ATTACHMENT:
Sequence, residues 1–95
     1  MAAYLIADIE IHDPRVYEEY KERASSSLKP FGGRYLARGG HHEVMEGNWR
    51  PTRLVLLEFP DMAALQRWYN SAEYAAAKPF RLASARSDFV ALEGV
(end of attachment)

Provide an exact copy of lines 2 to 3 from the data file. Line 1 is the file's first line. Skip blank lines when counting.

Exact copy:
     1  MAAYLIADIE IHDPRVYEEY KERASSSLKP FGGRYLARGG HHEVMEGNWR
    51  PTRLVLLEFP DMAALQRWYN SAEYAAAKPF RLASARSDFV ALEGV